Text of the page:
Introduction The terrestrial diversity and endemism per unit area in Oceania are among the highest in the world ( Keast & Miller 1996 ; Kier . 2009 ). There are four global biodiversity hotspots within the region, which harbor more than 30,000 plant and 3,000 vertebrate species ( Mittermeier . 2004 ; Legra . 2008 ). More than half of this diversity is in the 14 independent developing island nations of the tropical Pacific ( Table 1 ; Fig. 1 ), often with high endemism. 1 Population size, terrestrial area, and proportion of land in different land tenure classes in Pacific Island countries Country Population Terrestrial area (km 2 ) Land tenure class Public (%) Freehold (%) Customary (%) Cook Islands 20,000 240 Some Little 95 Fiji 849,000 18,274 4 8 88 Federated States of Micronesia 111,000 702 35 <1 65 Kiribati 98,000 811 50 <5 >45 Marshall Islands 62,000 181 <1 0 >99 Nauru 10,000 21 <10 0 >90 Niue 1,400 260 1.5 0 98.5 Palau 20,000 459 Most Some Some Papua New Guinea 6,732,000 462,840 2.5 0.5 97 Samoa 179,000 2,831 15 4 81 Solomon Islands 523,000 28,400 8 5 87 Tonga 104,000 748 100 0 0 Tuvalu 10,000 26 5 <0.1 95 Vanuatu 240,000 4,700 2 0 98 Sources: AusAid (2008) and PDDESAUNS (2009) . 1 The 14 independent Pacific Island nations (gray shading) and dependent territories in the Western Pacific. Nonshaded shapes indicate Pacific territories that are not self‐governing. Despite this global conservation significance, only 0.15% of total land area and less than 20% of known ecosystems in tropical Pacific Island countries are in designated protected areas ( Chape . 2003 ) and few of these areas are well managed ( Shearman . 2009 ; Kool . 2010 ). Protected areas are also relatively small and often fail to represent the variety of ecosystems and habitats ( Dinerstein & Wiramanayake 1993 ; Gillespie & Jaffré 2003 ). Furthermore, knowledge of the biota and ecological processes, including conservation threats, in Pacific Island nations is limited ( Keppel . 2009 ; Kool . 2010 ). This is evident in the IUCN red list, where only 9% of all known species from the region have been assessed ( Morrison 2012 ), and the absence of official national threatened species lists for most countries. As a result, conservation planning is often based on the limited data available, introducing large uncertainties and error. With rapidly growing human populations and related pressures, the terrestrial biodiversity of the region is among the most threatened in the world ( Mittermeier . 2004 ; Kier . 2009 ; Kueffer . 2010 ). On most archipelagos, this biodiversity crisis is driven by habitat loss and degradation, although other factors, such as invasive species, are also important ( Kingsford . 2009 ; Woinarski 2010 ). Climate change is likely to considerably exacerbate existing problems ( Wardell‐Johnson . 2011 ) and, in combination with other factors, will extend the already high extinction record of the tropical Pacific ( Steadman . 2002 ; Steadman 2006 ). Despite commitments through National Biodiversity Strategy and Action Plans in association with the Convention on Biological Diversity, the presence of numerous nongovernment organizations (NGOs) and increasing availability of funding, rapid habitat degradation, and species loss in Pacific Island countries continues ( Lees & Siwatibau 2009 ; Shearman . 2009 ; Wardell‐Johnson . 2011 ). Differences in conservation approaches and priorities of two major stakeholder groups, big international nongovernment organizations (BINGOs) and international donor agencies versus government and local NGOs, contribute to the inefficiency of conservation efforts ( Axlford . 2008 ; Lees & Siwatibau 2009 ). The latter group is generally low on resources ( Kingsford . 2009 ) and can mismanage available resources ( Kabutaulaka 2000 ; Foale 2001 ; Laurance . 2011 ), while the former often fail to produce conservation success despite adequate funding ( Hunnam 2002 ; Lees & Siwatibau 2009 ). As a result, there are serious concerns about the persistence of large components of Pacific biodiversity and the effectiveness of current approaches to conservation in the region. Conservation plans and theory for Pacific Island countries are generally developed by conservationists most familiar with practices in countries that are comparatively well‐developed and have legal provisions to declare protected areas for conservation purposes. As most Pacific Island countries are Third World countries and land is owned by communities that have a strong connection to their natural resources, much of the current theory for conservation planning and practice is not entirely applicable to island nations in the Pacific. There is a critical need to design and implement effective ways of conserving biodiversity in Pacific Island countries ( Hunnam 2002 ). We argue that a collaborative and coordinated approach of all stakeholders (including landowners) is critical for achieving conservation success and requires efficient utilization of available resources and support for long‐term projects. We evaluate available resources and discuss relevant stakeholders before discussing the complexities and problems in current conservation practices. Finally, we propose solutions for effective conservation in the region based on successful conservation efforts illustrated with relevant case studies. The Pacific region Pacific Island countries comprise 14 nations with about nine million people living on 520,000 km 2 of land over 29 million km 2 of the Pacific Ocean ( Table 1 ; Fig. 1 ). Country size ranges considerably from Papua New Guinea (462,840 km 2 ) to Nauru (22.5 km 2 ). Most people live in relatively small, isolated coastal or rural village communities, and remain closely reliant on their local natural resources for subsistence and economic development ( Morrison & Buckley 2010 ). Three systems of land tenure (customary, public, and freehold) exist ( Table 1 ). Most land (>80%) is under customary (or traditional) ownership, managed by customary groups according to their own processes, often linked to social and spiritual/religious beliefs. Public land is owned by the state while freehold land is owned by individuals or corporate bodies ( Ward 2000 ). Public and freehold land can be sold and transferred to someone else while customary land cannot be sold except to other customary groups or the state. Government income is heavily dependent on primary industry including fishing, logging, and mining by companies from outside the region. Lately, tourism is of increasing importance, accounting for up to 80% of GDP in some countries ( Morrison & Buckley 2010 ). Australia, New Zealand, and French and American territories, while in the geographic region, are not included in this review, which focuses on the terrestrial environments of independent developing nations. Stakeholders and challenges Various government departments, local and international NGOs, United Nations agencies, regional intergovernmental institutions, community‐based groups, and landowners are involved in the conservation sector of Pacific island nations. For example, in Fiji there were five major government agencies, four local, two regional, and 13 international organizations active in the conservation sector in 2006 ( Lees 2007 ). In addition, some of the embassies and private companies based in Pacific Island nations provide funding for conservation projects (e.g., Keppel 2002 ; Saffitz 2010 ). All these stakeholders vary in availability of financial resources, size of personnel, commitment to conservation, knowledge of conservation theory, and presence of local knowledge ( Table 2 ). 2 Distribution of six different conservation resources (commitment to achieve conservation outcomes, knowledge of theory for conservation planning and implementation, local knowledge, ability to approve conservation measures, personnel involved in conservation sector, funding available) among major stakeholders in the conservation sector in Pacific Island nations Stakeholder Commitment Theory Local knowledge Approval Personnel Funding BINGOs a High High Low No Mod High Local NGOs b High Moderate High No Low Low/moderate Government Variable Moderate High Yes Low Very low Local experts High Moderate/high Moderate/high No Low Low/moderate Landowning communities Variable Low High Yes High None a Big, international, nongovernment organizations. b Nongovernment organizations. Landowners are of central importance for conservation in Pacific Island countries because they own most of the land ( Table 1 ), have broad and unique knowledge of their biodiversity, and are dependent on their environment for survival. Therefore, conservation areas and activities generally cannot be implemented by the government or other organizations without support and approval by landowning communities ( Hunnam 2002 ; van Helden 2005 ). Most rural landowning communities in Pacific Islands still possess extensive knowledge of their environment and often have unparalleled and otherwise unavailable knowledge, critical for developing appropriate and effective conservation approaches ( Cox & Elmqvist 1991 ; Baines & Hviding 1992 ; Raynor & Kostka 2003 ; West 2006 ). The wide variety of stakeholders, the central importance of landowners, and poor resources make implementing conservation programs and activities fundamentally different from more developed neighboring nations, such as Australia and New Zealand. These factors make relevant Pacific Island government departments unable (underfunded, understaffed, limited legal authority) and sometimes unwilling (alternative priorities, corruption) to achieve their CBD obligations ( Kabutaulaka 2000 ; Keppel 2006 ; Lees 2007 ; Laurance . 2011 ). Below, we outline five major difficulties for implementing conservation in Pacific Island countries: resource discrepancies; participation of and benefits for landowning communities; collaboration between stakeholders; social, political, and cultural dynamics; and management of conservation funding. Resource discrepancies The number of personnel, availability of scientific information, and financial resources for conservation activities and programs are low in Pacific Island countries, compared to their more prosperous neighbors in Australia and New Zealand ( Kingsford . 2009 ). In addition, available resources within Pacific Island nations are strongly skewed toward BINGOs ( Table 2 ), which have large financial, technical, and personnel resources, compared to government departments ( Kingsford . 2009 ; Lees & Siwatibau 2009 ). As in many developing nations, this has resulted in BINGOs dominating conservation efforts in Pacific Island nations ( Rodríguez . 2007 ; Lees & Siwatibau 2009 ). For example, 45 government staff were working in Fiji's conservation sector in 2006 with a total budget of about 1 million Fiji Dollars, compared to 79 staff with a total budget of Fiji $8 million employed by BINGOs ( Lees 2007 ). BINGOs are also often led by nonnationals that spend a limited number of years in the Pacific, have to achieve targets set by their parent institution and donors, and have limited responsibility to local governments. Consequently, conservation programs in the Pacific are often prioritized and implemented by outsiders ( Hviding 2003 ). This dominating external influence in conservation funding and activities is exacerbated by conservationists from developed nations dominating the international scientific discussion of conservation practices and policies (e.g., Kingsford . 2009 ; Woinarski 2010 ), which developing Pacific nations are then expected to follow or desire to emulate. Participation of and benefits for landowning communities Most land in Pacific Island countries is owned by indigenous communities, which therefore hold the key to successful conservation. Despite their importance, the needs and knowledge of these communities are often given limited consideration ( Hunnam 2002 ; Hviding 2003 ). Often, the only involvement of landowners is the discussion of plans and agendas introduced by external parties. This top‐down approach is considered by many local conservationists as a major reason for the failure of conservation programs ( Foale 2001 ; van Helden 2005 ; Rodríguez . 2007 ). For example, insufficient involvement of landowners in the conception, planning, and implementation of community‐based conservation projects at the 17 sites of the South Pacific Biodiversity Conservation Program was a major reason for the overall failure of the project ( Hunnam 2002 ). Landowning communities still have a close relationship with their environment, which provides many of their needs. These dependencies on biodiversity are important considerations in conservation planning ( Cox & Elmqvist 1991 ; Hunnam 2002 ; Hviding 2003 ). The same natural resources also often provide the only source of income for these communities, mostly through destructive practices such as logging and mining ( van Helden 2005 ; West 2006 ). In addition to basic household expenses, healthcare, and education, many in these communities aspire to possess goods and resources that require considerable money ( Foale 2001 ; Hviding 2003 ). Therefore, the lack of sufficient economic benefits for local communities, associated with conservation, sometimes reduces the effectiveness of conservation efforts. Social, political, and cultural dynamics A complex network of political, social, and cultural layers exists at various scales and levels in Pacific Island nations, which can be difficult to navigate. These include individuals, family clans, groups, and associations (e.g., women's clubs or youth groups) within local communities and villages that may hold some traditional right over the same land ( Ward 2000 ; van Helden 2005 ; Hviding 2006 ). In addition, there are regional administrations under the national government ( Raynor & Kostka 2003 ) and various environmental policy paradigms ( Filer 2011 ). Important stakeholders exist in each administrative level and political, social, and cultural dynamics vary among regions, based on their histories ( Hviding 2006 ; Schwarz . 2011 ). Conservation efforts need to understand and link into this complex network ( Hunnam 2002 ; van Helden 2005 ). Matters are often further complicated by stakeholders outside the community. Farming, logging, or development projects may occur on community land, such as Southeast Asian logging companies in the Solomon Islands and Papua New Guinea ( Kabutaulaka 2000 ; Keppel 2006 ; Laurance . 2011 ). In addition, religious organizations have influenced in recent history and now play a central role in the political, social, and cultural dynamics of Pacific communities ( Foale 2001 ; Hviding 2006 ). Within this complex network, disagreements and underlying issues may exist between various parties/individuals dating back several years or several generations, sometimes predating European and Christian influences ( Keesing 1989 ). Such problems can considerably complicate conservation work ( Foale 2001 ; van Helden 2005 ; Lees & Siwatibau 2009 ). There are also different stakeholder perceptions and practices of conservation. The Western scientific concept of conservation seeks to protect species because of their esthetic or evolutionary value. Most Pacific Islanders view their biodiversity as a resource of great cultural and subsistence importance, where conservation safeguards these resources for continued supply or cultural reasons ( Hunnam 2002 ; Hviding 2003 ; Lees & Siwatibau 2009 ; Bottrill . 2011 ). For example, while “scientific conservation” seeks to establish marine protected areas as long‐term no‐fishing (no‐take) zones to increase biodiversity, traditional protection (sustainable‐use) zones are often short‐term allowing abundant harvest when lifted ( Ruddle . 1992 ; Veitayaki 1997 ; Foale & Manele 2004 ). Collaboration between relevant stakeholders Often, there is little consultation and collaboration between the many different NGOs, government departments, and academic institutions ( Hunnam 2002 ; Hviding 2006 ). This may be surprising as they purportedly share the common goal of biodiversity and ecosystem protection. However, each organization has its own goals and approaches, requiring demonstration of successes to donor agencies to attract more funding. As a result, organizations often follow their own agendas, which frequently do not relate to national and local priorities and/or may be in conflict with the interests of other stakeholders ( Hviding 2006 ; Lees & Siwatibau 2009 ; Bottrill . 2011 ). Furthermore, there are different perceptions of successful conservation. Donor agencies and BINGOs equate success to eventual self‐sufficient running of the community‐based project by local communities, while many local conservationists are more concerned about committed and satisfied landowners ( Axlford . 2008 ). The latter realize that financial sustainability is unlikely for many conservation projects without continuous support (financial and/or technical). Management of conservation funding Although funds are occasionally mismanaged ( Foale 2001 ; Dowie 2009 ), most financial resources are lost by inefficient application and/or management. Inefficiencies occur through repetitive (and hence redundant) processes, excessive administrative costs, and inadequate prioritization of conservation targets. There is also duplication. For example, the important bird areas identified by Birdlife International ( Masibalavu & Dutson 2006 ) and remote forest refugia identified by the Wildlife Conservation Society and other NGOs ( Olson . 2010 ) for Fiji are similar to important conservation areas already identified in earlier work ( Lees 1989 ), but would have utilized considerable finances in wages, workshops, and report compilation and dissemination. Funds are often spent on administration and programs of limited relevance, with comparatively little money spent on actual implementation of conservation programs and improving the livelihoods of landowners ( Bottrill . 2011 ). This can be viewed as modern colonialism, where high salaries in BINGOs are financed by the conservation resources in these developing countries. Furthermore, the distribution of funding can be questionable. For example, although most endemic biodiversity in larger Pacific archipelagos resides on land ( Wardell‐Johnson . 2011 ), less conservation effort is invested in terrestrial environments compared to better‐studied marine environments ( Kool . 2010 ). Finally, international donor‐assisted projects usually have short funding cycles (3–5 years), restricting the time available to achieve project aims and establish community involvement ( Hunnam 2002 ; Bottrill . 2011 ). This is insufficient time to produce, promote, and implement successful conservation programs, accounting for the needs of all stakeholders. Many behavioral and socioeconomic changes needed for conservation in the Pacific region occur slowly and incrementally, demanding 10 or more years of resources ( Sayer & Campbell 2004 ). In addition, international funders increasingly seek multiple objectives in project proposals ( Bottrill . 2011 ), complicating project designs and making it difficult for local community‐based programs to deliver timely results. Such local projects are often deemed failures with little opportunity for further funding. Solutions There is an urgent need to improve the efficiency and productivity of conservation programs in Pacific Island nations. We outline six solution areas that will help achieve this goal: sociocultural analyses; landowner participation; alternative revenue for local communities; conservation funding and stakeholder collaboration; enduring investment; and capacity building. However, conservation success will ultimately differ among communities and countries due to cultural, economic, political, and social differences. Sociocultural analyses Sociocultural analyses of host communities are essential before any project is undertaken (see also Sewall . 2011 ). These can identify the most suitable approach for a particular community. For example, land in Fiji and the Solomon Islands is controlled by indigenous landowning communities, but legally linked to the government in Fiji ( Ward 2000 ). Hence, the involvement of relevant government departments is more important for conservation projects in Fiji than in the Solomon Islands. In addition, it is preferable that local community facilitators conduct sociocultural assessments and monitor community perceptions because they have in‐depth knowledge of local dynamics ( van Helden 2005 ). The importance of detailed sociocultural understanding of landowning communities is illustrated by conservation initiatives on the island of Pohnpei (Federated State of Micronesia). Several early unsuccessful initiatives failed to gain support from the broader community because of limited consultation and ignorance of traditional resource use. However, an initiative by the Nature Conservancy with the government, a local NGO, and landowners has initiated a successful and ongoing project based on a thorough sociocultural understanding ( Raynor & Kostka 2003 ). Landowner participation Landowners need to participate at all stages, from the initiative to conserve their natural resources, biodiversity assessments, project planning, project implementation, up to and including monitoring and evaluation ( Hunnam 2002 ; Hviding 2003 ; Game . 2011 ). Different perceptions of “no‐take zones” versus “subsistence‐use” zones and other aspects of conservation ( West 2006 ; Brockington . 2008 ) require intensive and continuing dialogue and education between landowners and the implementing organization(s) at all stages. Such dialogue would also allow all stakeholders to ascertain sincere commitment toward conservation by all parties involved, which is essential for success ( van Helden 2005 ). Furthermore, it allows increased ownership of the project and improved long‐term support by local communities. The crucial role that landowners play is illustrated by the successful conservation of the rich terrestrial and marine biota of the uninhabited (for several decades) Tetepare Island, Solomon Islands ( Read & Moseby 2006 ). Tetepare islanders established the Tetepare Descendants Association in 2001 to convert the entire island to a community conservation area and prevent logging with support from the European Union, World‐Wide Fund for Nature, and Australian Volunteers International. This project successfully included local communities at all stages of development and implementation and provides real economic benefits through ecotourism. Alternative revenue for local communities Conservation programs must provide for sustainable economic and social development in landowning communities ( Hunnam 2002 ; Hviding 2003 ). Simple funding transactions are not sufficient and raise unrealistic expectations ( Foale 2001 ; Hviding 2003 ; van Helden 2005 ). Instead, innovative ways and alternative income‐generating activities need to be developed. Ecotourism provides an alternative source of revenue but may be unrealistic because of the remoteness of some communities and potential adverse effects on biodiversity conservation ( Morrison & Buckley 2010 ). Other alternative income strategies have often focused on increasing revenue for existing produce of communities ( van Helden 2005 ). Alternative income generation was developed to promote the financial and social development of landowners in the Sovi Basin Conservation Area, Fiji, which contains old‐growth tropical lowland rainforest and numerous rare and threatened flora and fauna species ( Keppel . 2011 ). After several years of discussions and planning led by Conservation International and the University of the South Pacific, a trust fund was established with funding from the bottled water company Fiji Water. The interest accumulated pays lease premiums, compensates foregone timber royalties, provides community development opportunities, and implements the comanagement plan for the protected area. In addition, a scholarship program for landowning communities was created, supporting more than 150 students. Conservation funding and stakeholder collaboration Collaboration by all concerned stakeholders is required to maximize benefits from conservation efforts through efficient spending of available conservation funding and addressing the needs of stakeholders. A local body for each country can achieve effective coordination, funding, and communication between different stakeholders for conservation. This could either be an independent local NGO or a committee composed of representatives from different stakeholders. In addition, Memorandums of Understanding established between conservation NGOs and national governments for establishment, operation, and accountability could be expanded to include a Code of Conduct, defined consequences for breaches of this, and mechanisms to ensure transparency of operations. Enduring investment Medium‐ or long‐term program approaches with committed stakeholders and funding agencies are needed. Ideally, these stakeholders should invest in projects for at least 10–15 years. For example, the Micronesia Conservation Trust (MCT), created in 2002, supports biodiversity conservation and related sustainable development for the people of the Federated States of Micronesia and includes members from national, state, and municipal governments, NGOs, business, and academic institutions. A primary aim is to build an endowment of US$20 million for long‐term support of sustainable biodiversity resource management in Micronesia ( MCT 2011 ). In 2009, the MCT obtained US$2 million from various public and private sources, funding 55 local projects. Capacity building Capacity building at all levels (community, national, and regional) is essential for meaningful participation of all stakeholders and sustainability for the conservation program ( Hunnam 2002 ; Raynor & Kostka 2003 ; Table 3 ). There is an urgent need to improve regional and local capacity in conservation management, including scientific data collection, species and threat management, project management, generation of funding, and sustainable development. This should include training people, currently active in the conservation sector, and developing future conservation leaders through scholarships. The latter can curtail the problem of overseas conservationists leading conservation programs in the region with limited Pacific experience. In addition, attractive and challenging local positions need to be created to retain excellent local conservationists in the region. Furthermore, the role of local institutions in conservation needs to be strengthened in the Pacific ( Foale 2001 ), as in other developing countries ( Rodríguez . 2007 ). This will focus conservation activities on national priorities, rather than those of outside organizations. 3 Summary of capacity building needs in relation to conservation in the Pacific region. Modified from Raynor & Kostka (2003) Level Group Capacity needs Landowning community Local village members; Women's groups; Youth groups; Church groups; Local volunteers (non land owners); School groups Basic business skills; Proposal writing and fundraising; Traditional ecology and resource management methods; Ecological principals and basic resource management; Conservation area management planning Traditional leaders Village chiefs Legal responsibilities; Community organization; Community meeting and record keeping; Conservation area management planning Government Field officers; Senior and midlevel officers of government agencies involved in conservation Conservation area management planning; Community planning and evaluation Legal responsibilities; Ecological principals and resource management; Monitoring and evaluation; Community liaison and involvement NGOs (conservation and academic) Staff involved with conservation, community development, and education Proposal writing and fundraising; Monitoring and evaluation Community planning and evaluation; Identification of conservation priorities including research BINGOs Staff involved with conservation, community development, and education Community planning and evaluation; Local social, economic, land tenure, and cultural dynamics; Traditional ecology and resource management methods Conclusions We have illustrated that most conservation efforts in Pacific Island countries are inefficient, noninclusive, and insufficiently sensitive to locality. While previous papers (e.g., Kingsford . 2009 ; Woinarski 2010 ) focus on policy measures, we highlight land tenure systems, cultural values, and social complexities that make conservation in Pacific Island countries fundamentally different from developed nations. As conservation efforts and policy are often built on scientific approaches conceived in developed nations, they may not be practical and effective in developing Pacific Island nations. We recommend a shift in conservation planning and implementation toward central participation of landowning communities at all stages of conservation programs, better understanding of socioeconomic and cultural complexities, local capacity building, generation of alternative income for landowning communities, and the prioritization and coordination of available conservation resources. Effort needs to focus on national priorities and move away from current ad hoc approaches to greatly improve the effectiveness of conservation in Pacific Island countries. Changes need to be implemented urgently because every failed project undermines the credibility of NGOs and the national conservation communities ( van Helden 2005 ). Many of the problems identified are known and not unique to the Pacific or developing nations ( Mace 2004 ; Brockington . 2008 ). Furthermore, most of the suggested changes are not novel and have been successfully incorporated in some conservation programs. Nevertheless, a fundamental paradigm shift is urgently required to develop effective strategies to safeguard the vanishing biodiversity of Pacific Island countries and to prepare for the impacts of anthropogenic climate change. Although there is no magic formula for successful conservation in Pacific Island countries because of the great cultural and socioeconomic diversity, adoption of our suggested solutions would greatly improve the success of conservation actions and programs. Acknowledgments An Asia‐Pacific Science Foundation grant (APSF10/4) contributed to facilitating the conception and compilation of this article.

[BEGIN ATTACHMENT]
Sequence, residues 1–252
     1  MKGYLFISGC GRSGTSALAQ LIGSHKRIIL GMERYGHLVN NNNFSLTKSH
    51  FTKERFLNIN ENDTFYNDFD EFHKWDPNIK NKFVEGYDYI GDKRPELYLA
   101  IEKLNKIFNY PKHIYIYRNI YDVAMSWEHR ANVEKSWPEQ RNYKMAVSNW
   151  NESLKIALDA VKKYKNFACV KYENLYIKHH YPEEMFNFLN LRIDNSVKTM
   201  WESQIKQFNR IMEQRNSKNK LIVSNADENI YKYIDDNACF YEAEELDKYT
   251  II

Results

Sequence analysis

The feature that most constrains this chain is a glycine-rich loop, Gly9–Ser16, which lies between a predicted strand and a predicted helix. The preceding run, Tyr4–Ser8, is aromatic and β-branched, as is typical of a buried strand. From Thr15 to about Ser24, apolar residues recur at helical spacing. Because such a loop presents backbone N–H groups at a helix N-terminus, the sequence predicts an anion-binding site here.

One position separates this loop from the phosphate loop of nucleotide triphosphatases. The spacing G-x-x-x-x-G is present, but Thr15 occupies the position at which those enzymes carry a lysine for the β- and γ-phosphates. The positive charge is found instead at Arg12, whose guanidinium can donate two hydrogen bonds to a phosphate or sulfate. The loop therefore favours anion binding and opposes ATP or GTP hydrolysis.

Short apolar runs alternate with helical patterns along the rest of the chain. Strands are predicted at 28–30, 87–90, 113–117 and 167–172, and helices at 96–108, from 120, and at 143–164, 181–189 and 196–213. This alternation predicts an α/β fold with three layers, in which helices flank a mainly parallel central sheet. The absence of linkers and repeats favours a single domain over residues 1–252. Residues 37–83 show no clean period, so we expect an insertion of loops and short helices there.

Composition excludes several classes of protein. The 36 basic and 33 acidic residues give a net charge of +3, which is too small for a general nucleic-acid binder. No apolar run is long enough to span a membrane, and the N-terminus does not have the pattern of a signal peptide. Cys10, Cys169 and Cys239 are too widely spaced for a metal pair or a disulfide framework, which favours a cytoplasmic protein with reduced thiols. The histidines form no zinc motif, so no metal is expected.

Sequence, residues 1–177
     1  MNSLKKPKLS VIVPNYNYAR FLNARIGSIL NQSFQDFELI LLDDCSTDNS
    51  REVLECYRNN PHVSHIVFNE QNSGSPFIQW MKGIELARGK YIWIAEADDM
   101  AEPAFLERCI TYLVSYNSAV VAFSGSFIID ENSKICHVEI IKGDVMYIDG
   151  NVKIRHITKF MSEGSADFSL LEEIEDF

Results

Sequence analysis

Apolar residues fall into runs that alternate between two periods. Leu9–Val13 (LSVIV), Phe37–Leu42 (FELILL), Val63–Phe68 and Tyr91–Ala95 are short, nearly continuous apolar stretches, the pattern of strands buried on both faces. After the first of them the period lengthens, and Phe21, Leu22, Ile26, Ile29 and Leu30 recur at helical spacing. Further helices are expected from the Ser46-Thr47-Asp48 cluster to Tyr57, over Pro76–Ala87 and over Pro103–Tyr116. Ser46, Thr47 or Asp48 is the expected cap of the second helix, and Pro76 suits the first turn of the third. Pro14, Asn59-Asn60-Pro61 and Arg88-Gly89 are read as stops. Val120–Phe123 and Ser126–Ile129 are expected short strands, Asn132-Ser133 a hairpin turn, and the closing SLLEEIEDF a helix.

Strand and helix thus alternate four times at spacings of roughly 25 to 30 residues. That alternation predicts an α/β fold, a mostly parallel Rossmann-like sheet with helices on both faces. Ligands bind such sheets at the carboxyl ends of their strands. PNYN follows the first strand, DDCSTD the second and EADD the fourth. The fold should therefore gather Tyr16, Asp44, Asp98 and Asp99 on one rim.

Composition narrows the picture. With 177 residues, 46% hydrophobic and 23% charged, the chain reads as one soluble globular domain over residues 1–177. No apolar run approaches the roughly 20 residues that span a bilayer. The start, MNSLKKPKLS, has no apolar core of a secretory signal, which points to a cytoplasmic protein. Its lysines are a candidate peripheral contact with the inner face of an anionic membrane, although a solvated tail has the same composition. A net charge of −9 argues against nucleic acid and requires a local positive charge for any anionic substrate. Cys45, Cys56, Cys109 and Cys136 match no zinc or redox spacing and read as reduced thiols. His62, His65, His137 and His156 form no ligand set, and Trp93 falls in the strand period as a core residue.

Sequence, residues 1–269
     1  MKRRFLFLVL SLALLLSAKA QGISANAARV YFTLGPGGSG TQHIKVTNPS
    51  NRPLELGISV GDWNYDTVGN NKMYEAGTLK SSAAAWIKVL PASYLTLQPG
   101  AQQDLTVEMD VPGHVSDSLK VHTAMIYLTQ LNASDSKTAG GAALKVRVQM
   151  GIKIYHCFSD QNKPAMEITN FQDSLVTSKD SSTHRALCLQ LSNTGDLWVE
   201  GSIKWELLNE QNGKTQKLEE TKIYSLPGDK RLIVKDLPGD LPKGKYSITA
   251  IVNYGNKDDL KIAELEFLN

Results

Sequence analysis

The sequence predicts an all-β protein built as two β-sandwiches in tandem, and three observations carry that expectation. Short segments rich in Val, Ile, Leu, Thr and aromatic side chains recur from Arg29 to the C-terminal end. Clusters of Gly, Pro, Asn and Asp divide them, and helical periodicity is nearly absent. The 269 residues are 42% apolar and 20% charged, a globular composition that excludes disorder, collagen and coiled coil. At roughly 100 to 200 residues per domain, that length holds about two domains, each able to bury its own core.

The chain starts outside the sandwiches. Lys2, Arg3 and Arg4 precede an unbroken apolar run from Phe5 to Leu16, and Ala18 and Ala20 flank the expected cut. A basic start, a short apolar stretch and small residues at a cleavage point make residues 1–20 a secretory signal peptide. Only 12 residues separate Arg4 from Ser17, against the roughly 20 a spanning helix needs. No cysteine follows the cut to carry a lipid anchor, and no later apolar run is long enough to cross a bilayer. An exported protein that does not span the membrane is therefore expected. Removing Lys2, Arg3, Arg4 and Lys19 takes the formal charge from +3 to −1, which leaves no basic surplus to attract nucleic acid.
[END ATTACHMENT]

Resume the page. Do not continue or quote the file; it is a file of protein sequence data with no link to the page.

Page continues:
Journal

Conservation LettersWiley

Published: Aug 1, 2012

Keywords: ; ; ; ; ; ;

References